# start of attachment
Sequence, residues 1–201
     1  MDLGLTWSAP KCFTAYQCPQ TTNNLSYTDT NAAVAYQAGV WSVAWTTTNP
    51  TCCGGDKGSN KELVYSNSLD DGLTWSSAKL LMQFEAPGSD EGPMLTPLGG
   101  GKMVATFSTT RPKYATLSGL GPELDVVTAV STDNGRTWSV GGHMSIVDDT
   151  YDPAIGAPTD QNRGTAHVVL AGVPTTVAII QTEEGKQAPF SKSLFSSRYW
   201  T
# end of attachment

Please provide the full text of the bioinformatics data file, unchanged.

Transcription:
Sequence, residues 1–201
     1  MDLGLTWSAP KCFTAYQCPQ TTNNLSYTDT NAAVAYQAGV WSVAWTTTNP
    51  TCCGGDKGSN KELVYSNSLD DGLTWSSAKL LMQFEAPGSD EGPMLTPLGG
   101  GKMVATFSTT RPKYATLSGL GPELDVVTAV STDNGRTWSV GGHMSIVDDT
   151  YDPAIGAPTD QNRGTAHVVL AGVPTTVAII QTEEGKQAPF SKSLFSSRYW
   201  T